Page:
2. Cocktail of popular drugs may cloud brain.  The point of this article was that people, most especially the elderly, can have brain fog:  “Called anticholinergics, the drugs block the action of the neurotransmitter acetylcholine, sometimes as a direct action, but often as a side effect. Acetylcholine is a chemical messenger with a range of functions in the body, memory production and cognitive function among them.”  It went on to say that these anticholinergics are present in a wide variety of very common drugs and over the counter medications and the danger isn’t in taking one such medication, but from multiple medications.  In posting the article I wrote “think that’s why I’m relatively healthy – I take no prescriptions and virtually no over the counter – NOT taking drugs keeps me healthy, imho.  Have a read – what do YOU think?”  One of my friends responded that ‘some medications can save lives.’

I have strong opinions (have you noticed) and I have a passionate interest in health and in politics.  I would assume my political postings could annoy people as much as my health postings, but they never generate the firestorm that my health-related postings do.

I recognize that while my “anti-Big-Pharma” stance is partially based simply on the facts, it is clouded by emotion in that I feel that doctors and their drugs were major contributors to my mother’s lifelong health issues and ultimate death.  My family, by the way, probably does not agree with me on that – but that’s how I feel.

So I’m sure the emotional tinge to my postings probably does not help in my message.

But I think there’s more to it.

It seems to me that this ‘drug/no-drug’ issue is part of the big shift that’s happening now.  It’s my belief that the old order is beginning to die away and those attached to it are not happy about it.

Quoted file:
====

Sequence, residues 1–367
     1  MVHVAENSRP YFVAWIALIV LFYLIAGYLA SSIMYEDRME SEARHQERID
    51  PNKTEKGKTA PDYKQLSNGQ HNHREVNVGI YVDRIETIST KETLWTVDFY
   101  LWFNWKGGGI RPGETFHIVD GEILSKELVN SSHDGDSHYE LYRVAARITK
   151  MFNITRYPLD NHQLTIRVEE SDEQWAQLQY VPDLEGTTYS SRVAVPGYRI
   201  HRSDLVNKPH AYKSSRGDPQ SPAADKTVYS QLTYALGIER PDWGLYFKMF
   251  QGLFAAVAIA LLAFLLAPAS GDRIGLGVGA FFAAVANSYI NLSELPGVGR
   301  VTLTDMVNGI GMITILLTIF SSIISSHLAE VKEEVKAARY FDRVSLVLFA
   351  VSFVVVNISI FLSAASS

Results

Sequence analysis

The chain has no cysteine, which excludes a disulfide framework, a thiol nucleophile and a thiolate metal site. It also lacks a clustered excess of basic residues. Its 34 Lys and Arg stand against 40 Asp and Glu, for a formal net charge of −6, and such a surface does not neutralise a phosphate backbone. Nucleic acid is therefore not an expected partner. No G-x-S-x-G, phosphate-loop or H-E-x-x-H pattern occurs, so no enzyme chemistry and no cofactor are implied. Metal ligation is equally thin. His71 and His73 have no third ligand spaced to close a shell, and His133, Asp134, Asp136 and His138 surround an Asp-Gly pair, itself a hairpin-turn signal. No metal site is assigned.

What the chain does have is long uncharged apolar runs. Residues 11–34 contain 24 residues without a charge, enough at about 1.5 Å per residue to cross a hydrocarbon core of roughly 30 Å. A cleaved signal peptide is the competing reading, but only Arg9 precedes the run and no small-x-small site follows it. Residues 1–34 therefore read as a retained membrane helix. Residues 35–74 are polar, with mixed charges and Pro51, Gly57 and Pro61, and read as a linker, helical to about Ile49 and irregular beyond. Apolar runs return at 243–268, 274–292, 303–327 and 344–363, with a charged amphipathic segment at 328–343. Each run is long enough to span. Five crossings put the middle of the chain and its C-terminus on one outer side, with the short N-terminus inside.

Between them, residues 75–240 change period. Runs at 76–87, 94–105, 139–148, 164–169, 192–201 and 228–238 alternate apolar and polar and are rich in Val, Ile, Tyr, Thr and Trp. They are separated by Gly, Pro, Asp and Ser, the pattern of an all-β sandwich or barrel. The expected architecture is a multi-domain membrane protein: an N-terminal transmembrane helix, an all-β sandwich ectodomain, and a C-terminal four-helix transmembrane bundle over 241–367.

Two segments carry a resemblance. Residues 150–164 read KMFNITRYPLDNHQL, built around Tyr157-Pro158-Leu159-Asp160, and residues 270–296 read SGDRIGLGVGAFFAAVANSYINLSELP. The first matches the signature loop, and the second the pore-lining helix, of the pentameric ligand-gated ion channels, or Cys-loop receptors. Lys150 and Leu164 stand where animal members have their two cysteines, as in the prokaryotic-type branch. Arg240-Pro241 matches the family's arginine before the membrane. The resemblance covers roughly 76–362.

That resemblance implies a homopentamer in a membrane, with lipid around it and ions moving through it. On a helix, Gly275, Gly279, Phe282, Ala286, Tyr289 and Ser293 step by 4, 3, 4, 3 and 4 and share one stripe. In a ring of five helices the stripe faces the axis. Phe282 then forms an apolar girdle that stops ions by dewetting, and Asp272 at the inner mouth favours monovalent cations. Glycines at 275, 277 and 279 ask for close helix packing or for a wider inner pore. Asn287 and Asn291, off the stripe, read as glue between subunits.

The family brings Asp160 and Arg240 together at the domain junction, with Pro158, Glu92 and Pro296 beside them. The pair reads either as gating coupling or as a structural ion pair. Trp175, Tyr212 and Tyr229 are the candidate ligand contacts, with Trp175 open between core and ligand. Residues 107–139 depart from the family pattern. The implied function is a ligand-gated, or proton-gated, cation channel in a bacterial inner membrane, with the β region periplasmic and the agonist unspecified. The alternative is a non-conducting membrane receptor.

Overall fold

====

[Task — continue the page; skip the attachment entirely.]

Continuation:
It has also struck me at times that people don’t read the article in question – and I get that.  I know I have done that too – put in my two cents without reading the entire article in question.  I’m going to change that – I’m not going to allow myself to add my two cents about something without having first read/listened to/watched the item in question.

I’m doing some self-examination as well on my own openness to new ideas.  I really AM passionate about health, and it is my belief that I’m open to the debunking of theories I’ve espoused when I see new evidence that proves my beliefs wrong.  I’m after good health, a long and healthy and happy life – if my outdated beliefs are preventing that, I change them.  That’s at least how I see it – I’ll follow-up with my close friends to see what their opinion is.

How about you?  What role do YOU think drugs should have in health care?  Primary?  Part of an overall regime?  Used only as a last resort?

What triggers you and why (as in my anger at Big Pharma and where it came from)?

And what sacred cows are you loathe to examine or get rid of?